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I have a graph on which I frequently need to know all shortest paths (or rather their lengths). Because I do not want to recalculate them I store them in a simple array and just retrieve them from there. However since the graph might also change over time I will have to recalculate them at given times.

For now the following changes might happen:

  • Adding a node and an edge to it to the graph

  • Changing the length of an edge

  • Adding a new edge of the graph

  • Deleting an edge or deleting a node

In all cases all nodes will always be connected and all edges have positive weights. Also the graph is undirected. The sequence of operations is such, that all nodes will always be from the same component of the graph. If a node or edge is deleted before this other nodes and edges will have been added so that the graph never becomes separated.

For now I am planning to just do the updates and then propagate all the changes through the graph structure. However I am not sure yet how to handle this correctly. How would you try to achieve these updates of the cached length.


As some of you have pointed out it might be neccessary to recalculate everything when a node is added or a link is changed. This might be for example when all distances change through the update. However if I just propagate the changes through the graph and do a relaxation similar to the way it is done dijkstras, I might have to relax the same node multiple times, because I might not choose the optimal order. The question would be how to order the relaxation steps, so I avoid multiple updates as good as possible.

Not sure this makes much sense without the actual idea I have in mind, but I hope this clarifies some more.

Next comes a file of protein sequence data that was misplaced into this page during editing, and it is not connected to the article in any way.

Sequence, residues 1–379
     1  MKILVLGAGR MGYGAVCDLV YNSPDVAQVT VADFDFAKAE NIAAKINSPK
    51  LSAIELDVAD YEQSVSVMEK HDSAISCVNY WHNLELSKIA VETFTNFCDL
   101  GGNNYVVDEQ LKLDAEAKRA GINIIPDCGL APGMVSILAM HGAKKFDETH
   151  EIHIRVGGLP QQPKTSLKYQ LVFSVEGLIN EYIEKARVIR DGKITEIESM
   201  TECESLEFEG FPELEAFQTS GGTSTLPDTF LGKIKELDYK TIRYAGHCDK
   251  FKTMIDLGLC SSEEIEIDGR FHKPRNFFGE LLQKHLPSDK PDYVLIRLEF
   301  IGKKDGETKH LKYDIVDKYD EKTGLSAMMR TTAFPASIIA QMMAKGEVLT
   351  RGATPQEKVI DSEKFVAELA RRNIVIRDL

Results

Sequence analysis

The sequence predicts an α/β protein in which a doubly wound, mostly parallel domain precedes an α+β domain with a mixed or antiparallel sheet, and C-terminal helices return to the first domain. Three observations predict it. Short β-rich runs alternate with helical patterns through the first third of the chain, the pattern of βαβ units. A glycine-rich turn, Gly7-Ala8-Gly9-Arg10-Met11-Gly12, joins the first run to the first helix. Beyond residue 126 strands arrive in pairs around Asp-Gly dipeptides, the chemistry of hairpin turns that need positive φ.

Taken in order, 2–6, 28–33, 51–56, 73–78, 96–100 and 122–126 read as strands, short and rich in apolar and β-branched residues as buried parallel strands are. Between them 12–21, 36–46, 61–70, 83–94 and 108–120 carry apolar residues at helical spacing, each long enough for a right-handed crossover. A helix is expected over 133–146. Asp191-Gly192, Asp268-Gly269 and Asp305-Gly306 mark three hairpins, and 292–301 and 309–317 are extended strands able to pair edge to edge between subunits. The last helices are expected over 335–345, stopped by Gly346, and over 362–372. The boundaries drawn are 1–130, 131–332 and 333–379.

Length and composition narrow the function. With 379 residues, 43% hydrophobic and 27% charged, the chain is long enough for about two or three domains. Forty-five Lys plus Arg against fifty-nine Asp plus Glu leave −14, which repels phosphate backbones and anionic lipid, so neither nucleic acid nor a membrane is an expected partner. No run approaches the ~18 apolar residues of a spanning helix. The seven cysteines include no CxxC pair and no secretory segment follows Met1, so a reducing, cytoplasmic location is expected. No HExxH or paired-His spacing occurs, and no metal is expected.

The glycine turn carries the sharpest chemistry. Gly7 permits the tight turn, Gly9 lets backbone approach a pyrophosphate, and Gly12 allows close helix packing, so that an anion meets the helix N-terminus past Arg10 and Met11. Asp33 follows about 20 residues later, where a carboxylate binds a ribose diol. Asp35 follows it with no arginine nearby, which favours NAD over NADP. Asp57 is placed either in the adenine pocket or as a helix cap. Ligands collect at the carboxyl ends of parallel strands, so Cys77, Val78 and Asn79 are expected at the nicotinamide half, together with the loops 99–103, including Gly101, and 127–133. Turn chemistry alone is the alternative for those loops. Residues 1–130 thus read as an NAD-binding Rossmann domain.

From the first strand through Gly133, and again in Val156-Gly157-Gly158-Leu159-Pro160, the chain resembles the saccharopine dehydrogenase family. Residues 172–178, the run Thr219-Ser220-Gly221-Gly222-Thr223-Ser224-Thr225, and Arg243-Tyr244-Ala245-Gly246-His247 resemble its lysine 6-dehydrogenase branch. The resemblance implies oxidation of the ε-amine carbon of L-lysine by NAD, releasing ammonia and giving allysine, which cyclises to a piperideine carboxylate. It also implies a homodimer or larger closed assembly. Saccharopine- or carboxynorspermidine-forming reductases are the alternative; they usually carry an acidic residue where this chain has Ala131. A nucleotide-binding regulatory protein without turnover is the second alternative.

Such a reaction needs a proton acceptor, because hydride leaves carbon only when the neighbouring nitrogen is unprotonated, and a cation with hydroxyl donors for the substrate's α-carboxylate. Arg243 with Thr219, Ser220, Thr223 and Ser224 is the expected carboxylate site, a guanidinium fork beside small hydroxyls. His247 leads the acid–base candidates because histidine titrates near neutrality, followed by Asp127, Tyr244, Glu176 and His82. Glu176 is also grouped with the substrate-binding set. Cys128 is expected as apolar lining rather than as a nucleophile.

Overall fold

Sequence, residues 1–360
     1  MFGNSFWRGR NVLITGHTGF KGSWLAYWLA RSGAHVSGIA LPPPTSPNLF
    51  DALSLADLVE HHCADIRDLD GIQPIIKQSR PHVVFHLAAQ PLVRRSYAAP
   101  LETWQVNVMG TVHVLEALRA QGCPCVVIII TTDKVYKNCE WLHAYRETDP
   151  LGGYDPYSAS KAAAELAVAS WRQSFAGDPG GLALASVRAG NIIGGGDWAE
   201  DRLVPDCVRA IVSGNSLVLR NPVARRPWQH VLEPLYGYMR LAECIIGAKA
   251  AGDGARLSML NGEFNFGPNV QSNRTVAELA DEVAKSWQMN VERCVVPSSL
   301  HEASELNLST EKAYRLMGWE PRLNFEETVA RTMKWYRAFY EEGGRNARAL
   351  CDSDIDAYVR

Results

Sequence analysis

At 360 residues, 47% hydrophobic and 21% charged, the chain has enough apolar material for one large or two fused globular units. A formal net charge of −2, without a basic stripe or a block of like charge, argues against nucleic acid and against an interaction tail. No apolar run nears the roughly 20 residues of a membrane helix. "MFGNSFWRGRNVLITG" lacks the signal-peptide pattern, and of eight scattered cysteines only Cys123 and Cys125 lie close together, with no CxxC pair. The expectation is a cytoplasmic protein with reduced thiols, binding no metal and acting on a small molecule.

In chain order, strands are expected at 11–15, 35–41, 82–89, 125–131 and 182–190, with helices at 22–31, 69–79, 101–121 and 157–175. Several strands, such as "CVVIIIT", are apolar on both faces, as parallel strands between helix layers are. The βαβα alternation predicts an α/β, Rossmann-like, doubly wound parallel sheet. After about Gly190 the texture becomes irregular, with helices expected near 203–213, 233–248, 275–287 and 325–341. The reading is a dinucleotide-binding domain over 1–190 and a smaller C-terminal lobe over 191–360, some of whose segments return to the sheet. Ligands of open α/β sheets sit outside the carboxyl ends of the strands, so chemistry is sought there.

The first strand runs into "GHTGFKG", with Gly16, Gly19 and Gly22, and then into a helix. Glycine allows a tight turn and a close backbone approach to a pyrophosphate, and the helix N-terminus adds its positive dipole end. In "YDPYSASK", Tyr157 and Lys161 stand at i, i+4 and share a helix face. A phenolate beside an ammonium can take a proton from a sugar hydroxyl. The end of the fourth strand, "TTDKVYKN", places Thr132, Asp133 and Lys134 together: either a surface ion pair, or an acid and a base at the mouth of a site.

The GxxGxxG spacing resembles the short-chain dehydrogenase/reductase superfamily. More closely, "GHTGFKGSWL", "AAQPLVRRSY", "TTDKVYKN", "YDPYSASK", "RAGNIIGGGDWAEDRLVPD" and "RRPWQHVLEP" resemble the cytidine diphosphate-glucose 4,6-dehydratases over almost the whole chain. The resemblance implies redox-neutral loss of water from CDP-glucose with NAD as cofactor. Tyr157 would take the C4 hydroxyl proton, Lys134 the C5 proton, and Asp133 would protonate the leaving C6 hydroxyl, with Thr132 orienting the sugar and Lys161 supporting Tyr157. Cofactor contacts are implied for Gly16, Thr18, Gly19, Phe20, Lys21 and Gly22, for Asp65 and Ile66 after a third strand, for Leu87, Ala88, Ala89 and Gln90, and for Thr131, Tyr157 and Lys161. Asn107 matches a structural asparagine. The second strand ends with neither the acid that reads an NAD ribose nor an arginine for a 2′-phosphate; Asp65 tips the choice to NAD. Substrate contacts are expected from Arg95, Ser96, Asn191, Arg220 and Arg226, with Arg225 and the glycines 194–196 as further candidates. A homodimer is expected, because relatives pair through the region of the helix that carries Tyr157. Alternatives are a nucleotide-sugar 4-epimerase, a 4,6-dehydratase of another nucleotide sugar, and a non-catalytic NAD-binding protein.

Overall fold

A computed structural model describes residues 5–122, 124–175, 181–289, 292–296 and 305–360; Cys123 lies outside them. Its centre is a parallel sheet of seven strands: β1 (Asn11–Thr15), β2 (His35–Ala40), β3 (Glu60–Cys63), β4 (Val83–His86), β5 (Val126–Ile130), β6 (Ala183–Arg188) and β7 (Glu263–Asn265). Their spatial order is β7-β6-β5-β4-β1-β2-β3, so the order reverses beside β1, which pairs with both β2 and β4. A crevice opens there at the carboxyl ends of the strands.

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You have one root node and all shortest paths from it, or all paths shortest between all nodes ? – Yochai Timmer Jul 20 '11 at 10:18
No, there is no root node, but rather all pairs of shortest path lengths. – LiKao Jul 20 '11 at 10:33
For each 2 points that can be connected by a path influenced by the modification, you will have to recalculate the shortest path – Ricky Bobby Jul 20 '11 at 11:07
How dense is the graph? – bar Jul 20 '11 at 13:06

2 Answers 2

up vote 3 down vote accepted

The D* family of search algorithms are exactly concerned with the updating of shorting paths in dynamically changing graphs. The algorithms were developed for mobile robot path planning problems. Although the algorithms only return the shortest path from the goal to the current robot location, you might be able to use their bookkeeping and updating rules for all-shortest-paths problems too.

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You can handle the case where you are deleting an edge/node fairly easily. Just keep track of the actual path between nodes. Then when an edge/node is deleted, go through your paths and see which ones are affected by the change. Recalculate the shortest paths for these.

In the case where you're increasing an edge weight, you can use the same technique.

The other cases are significantly more difficult to deal with. I don't know of any algorithm/data structure that would speed up the recomputation.

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Tell me if i'm wrong, but in your first case, you will have to keep track of ALL possible paths, not only the shortest paths. And do that for each couple of nodes, that's kind of a lot of things to keep track of. – Ricky Bobby Jul 20 '11 at 14:13
Why do you need all possible paths? Deleting an edge/node can only make the shortest path longer. We only need to see if the shortest path has been changed (i.e. if something along the path has been deleted). – tskuzzy Jul 20 '11 at 14:30
I was thinking of a complete graph, so in my head the shortest path would always increase after a deletion. In this case you just calculate for each couple of nodes the new path. – Ricky Bobby Jul 20 '11 at 14:41
I'm not sure what's happening after the deletion (just deleting all the edges linked to this node? for example) .. but I had the feeling it might influence non optimal path, as well as optimal path. So the cost of the optimal could decrease and the cost of a suboptimal path could decrease more . Anyway I don't think there is an easy solution for this general problem, even though your solution seams attractive. In most of the cases you will have to recalculate the path – Ricky Bobby Jul 20 '11 at 14:43
If the optimal path does not include the deleted node, then it will not be affected. However if it does, then yes you are right, it is possible for the optimal path the change. And that is why you must run the shortest path algorithm again. – tskuzzy Jul 20 '11 at 14:47

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